A threatening note affixed to the back door of the Duval County Democratic Headquarters rattled local partisans this week.
The message, rendered with primitive type and formatting on a standard sheet of paper, was chilling.
“We want blood. You lost the election. Redress our grievances now or we will. Be back later,” read the missive found Monday by Daniel Henry, the chair of the local party.
Upon further review, the note containing identifying information for Henry and other party officials was left shortly after Midnight on Saturday, by a man wearing a gas mask and gloves, obscuring traditional identifiers like facial recognition or fingerprints.
“We’ve seen threats of violence throughout the country about the election results, but I never expected to see it on our doorstep,” Henry said.
“It’s clear the perpetrator’s intent was to inspire fear and perpetuate the false narrative of the election being rigged. We will not be intimidated by cowards that lurk in the shadows in gas masks. When political leaders publicly refuse to accept the results of the election, they embolden bad actors like these,” Henry said.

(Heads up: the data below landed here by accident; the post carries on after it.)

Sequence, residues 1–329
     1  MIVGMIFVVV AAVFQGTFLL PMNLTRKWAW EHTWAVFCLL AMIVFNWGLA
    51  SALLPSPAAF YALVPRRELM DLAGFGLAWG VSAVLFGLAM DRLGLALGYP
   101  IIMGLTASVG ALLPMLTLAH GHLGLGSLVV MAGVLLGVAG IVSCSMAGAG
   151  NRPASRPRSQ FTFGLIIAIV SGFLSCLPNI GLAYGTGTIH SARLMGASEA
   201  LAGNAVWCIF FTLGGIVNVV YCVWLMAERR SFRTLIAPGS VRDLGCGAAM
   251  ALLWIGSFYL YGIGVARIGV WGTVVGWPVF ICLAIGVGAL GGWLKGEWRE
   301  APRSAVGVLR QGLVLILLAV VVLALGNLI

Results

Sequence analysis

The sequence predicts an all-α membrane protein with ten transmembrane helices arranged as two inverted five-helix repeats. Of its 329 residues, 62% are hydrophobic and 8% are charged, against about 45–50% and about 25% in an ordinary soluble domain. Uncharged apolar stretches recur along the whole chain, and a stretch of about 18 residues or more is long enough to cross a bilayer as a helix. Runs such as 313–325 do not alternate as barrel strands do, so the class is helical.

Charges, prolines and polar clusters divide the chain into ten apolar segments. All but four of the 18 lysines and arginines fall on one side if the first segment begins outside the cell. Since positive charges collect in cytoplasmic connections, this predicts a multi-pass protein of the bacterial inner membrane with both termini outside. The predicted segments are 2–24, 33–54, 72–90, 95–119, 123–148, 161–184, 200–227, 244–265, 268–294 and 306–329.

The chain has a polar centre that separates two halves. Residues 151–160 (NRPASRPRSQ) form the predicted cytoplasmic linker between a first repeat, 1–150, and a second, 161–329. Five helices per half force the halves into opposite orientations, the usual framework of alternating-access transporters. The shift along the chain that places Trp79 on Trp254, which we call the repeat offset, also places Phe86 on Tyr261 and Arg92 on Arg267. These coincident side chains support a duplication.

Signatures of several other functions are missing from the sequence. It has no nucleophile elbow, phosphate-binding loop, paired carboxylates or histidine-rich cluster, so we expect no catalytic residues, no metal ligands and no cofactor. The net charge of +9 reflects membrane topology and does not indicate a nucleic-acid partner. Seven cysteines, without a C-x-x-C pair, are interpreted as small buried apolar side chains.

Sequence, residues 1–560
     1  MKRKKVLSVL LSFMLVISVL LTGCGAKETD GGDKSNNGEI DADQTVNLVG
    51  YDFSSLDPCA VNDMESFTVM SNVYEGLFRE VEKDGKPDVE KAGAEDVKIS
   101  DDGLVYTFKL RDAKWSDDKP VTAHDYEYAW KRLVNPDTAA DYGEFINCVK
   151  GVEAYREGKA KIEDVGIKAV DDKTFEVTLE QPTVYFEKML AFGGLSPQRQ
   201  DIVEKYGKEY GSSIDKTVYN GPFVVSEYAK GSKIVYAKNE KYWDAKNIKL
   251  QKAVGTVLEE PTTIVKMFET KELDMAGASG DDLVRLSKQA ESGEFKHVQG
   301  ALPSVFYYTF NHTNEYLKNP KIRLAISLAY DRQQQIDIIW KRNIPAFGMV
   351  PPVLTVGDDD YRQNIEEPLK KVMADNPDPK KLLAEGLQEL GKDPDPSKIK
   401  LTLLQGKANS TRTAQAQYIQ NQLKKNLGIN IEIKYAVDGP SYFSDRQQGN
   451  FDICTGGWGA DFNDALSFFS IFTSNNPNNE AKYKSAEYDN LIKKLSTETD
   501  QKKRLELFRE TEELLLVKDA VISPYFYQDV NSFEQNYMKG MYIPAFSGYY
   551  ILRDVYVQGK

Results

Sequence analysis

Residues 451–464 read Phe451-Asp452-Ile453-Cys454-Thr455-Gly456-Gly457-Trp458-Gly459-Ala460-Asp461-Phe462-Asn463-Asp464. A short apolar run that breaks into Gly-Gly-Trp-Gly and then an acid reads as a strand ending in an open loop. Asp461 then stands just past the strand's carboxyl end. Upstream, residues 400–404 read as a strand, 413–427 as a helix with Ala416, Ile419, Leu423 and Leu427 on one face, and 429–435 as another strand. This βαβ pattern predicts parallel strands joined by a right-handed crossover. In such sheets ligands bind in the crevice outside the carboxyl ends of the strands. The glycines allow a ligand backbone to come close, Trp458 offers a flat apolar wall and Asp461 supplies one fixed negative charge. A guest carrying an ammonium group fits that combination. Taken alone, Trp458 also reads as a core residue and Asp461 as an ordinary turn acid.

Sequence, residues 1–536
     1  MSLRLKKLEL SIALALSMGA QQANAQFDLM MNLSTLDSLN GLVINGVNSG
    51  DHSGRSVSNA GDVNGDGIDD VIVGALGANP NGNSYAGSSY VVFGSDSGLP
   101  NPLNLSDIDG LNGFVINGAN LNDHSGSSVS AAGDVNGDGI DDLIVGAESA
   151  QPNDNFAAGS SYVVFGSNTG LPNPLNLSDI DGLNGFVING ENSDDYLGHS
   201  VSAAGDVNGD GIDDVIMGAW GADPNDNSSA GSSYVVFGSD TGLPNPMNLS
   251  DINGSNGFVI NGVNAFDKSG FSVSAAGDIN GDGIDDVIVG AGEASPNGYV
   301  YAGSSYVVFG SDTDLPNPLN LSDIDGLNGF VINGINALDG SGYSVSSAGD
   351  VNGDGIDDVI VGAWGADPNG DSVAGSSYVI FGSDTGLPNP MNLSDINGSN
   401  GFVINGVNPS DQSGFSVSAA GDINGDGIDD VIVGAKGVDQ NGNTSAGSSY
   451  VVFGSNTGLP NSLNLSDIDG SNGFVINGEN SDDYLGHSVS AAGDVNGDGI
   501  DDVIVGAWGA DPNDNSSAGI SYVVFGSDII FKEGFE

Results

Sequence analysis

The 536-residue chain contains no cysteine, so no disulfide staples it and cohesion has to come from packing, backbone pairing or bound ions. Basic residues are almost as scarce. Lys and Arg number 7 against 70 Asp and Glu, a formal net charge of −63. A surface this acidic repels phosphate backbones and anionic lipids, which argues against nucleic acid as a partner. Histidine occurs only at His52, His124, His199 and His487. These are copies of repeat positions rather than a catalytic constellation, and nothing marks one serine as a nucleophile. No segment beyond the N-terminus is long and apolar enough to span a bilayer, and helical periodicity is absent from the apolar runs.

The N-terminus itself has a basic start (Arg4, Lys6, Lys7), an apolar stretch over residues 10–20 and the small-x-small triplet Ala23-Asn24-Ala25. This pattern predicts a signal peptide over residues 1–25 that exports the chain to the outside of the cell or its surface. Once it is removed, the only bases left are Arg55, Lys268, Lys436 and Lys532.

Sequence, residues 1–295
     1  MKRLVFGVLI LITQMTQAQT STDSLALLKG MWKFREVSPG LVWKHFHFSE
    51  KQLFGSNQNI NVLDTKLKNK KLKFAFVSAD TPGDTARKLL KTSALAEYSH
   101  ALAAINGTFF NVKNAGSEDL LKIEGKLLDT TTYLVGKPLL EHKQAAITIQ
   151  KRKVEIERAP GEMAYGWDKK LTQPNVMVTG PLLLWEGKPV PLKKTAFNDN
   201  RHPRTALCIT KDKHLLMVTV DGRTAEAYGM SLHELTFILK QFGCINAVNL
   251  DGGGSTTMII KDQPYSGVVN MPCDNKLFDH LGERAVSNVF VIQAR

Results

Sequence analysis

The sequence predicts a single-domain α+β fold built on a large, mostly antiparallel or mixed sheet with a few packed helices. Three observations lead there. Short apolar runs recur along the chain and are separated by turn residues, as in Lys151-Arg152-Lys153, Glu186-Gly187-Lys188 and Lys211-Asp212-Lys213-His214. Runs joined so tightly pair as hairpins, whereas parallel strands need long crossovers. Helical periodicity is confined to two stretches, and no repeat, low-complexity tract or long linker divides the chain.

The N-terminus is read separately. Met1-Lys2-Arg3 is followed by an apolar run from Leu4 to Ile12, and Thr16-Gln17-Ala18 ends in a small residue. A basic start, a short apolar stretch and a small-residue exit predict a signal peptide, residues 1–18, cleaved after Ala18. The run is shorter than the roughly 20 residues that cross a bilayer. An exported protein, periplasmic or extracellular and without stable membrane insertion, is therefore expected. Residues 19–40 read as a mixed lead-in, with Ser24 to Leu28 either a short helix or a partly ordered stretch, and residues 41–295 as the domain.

The incident got national coverage via the New York Times. Henry notes that a reporter reached out to him as he was on his way to talk to a detective, catching him “off guard.”
Thus far, Henry says that the Jacksonville Sheriff’s Office is still exploring leads, but it was clear Friday that the chairman is still struggling with the incident.
When Henry first saw the note, he wondered if it was a joke. But upon review of security footage and other investigation, it was clear to him that the malefactor “went to a lot of effort” to figure out his target, including sussing out where the otherwise unmarked back door of the office is.
And it was clear to Henry that it was intended to be a threat.
“He looked directly to the camera,” Henry said, as he stuck the note on the door.
“This election cycle has taken on a life of its own,” Henry said, with the persistent “rigged election” narrative stopping at least some partisans from “shaking hands and moving on.”
Henry says Dean Black, who chairs the Duval County Republicans, has reached out to offer support in the wake of the incident.
The incident caps off a year where rhetoric and action has been more pitched than usual. In February, Duval Republicans were roiled by a car driving dangerously close to volunteers engaged in voter registration.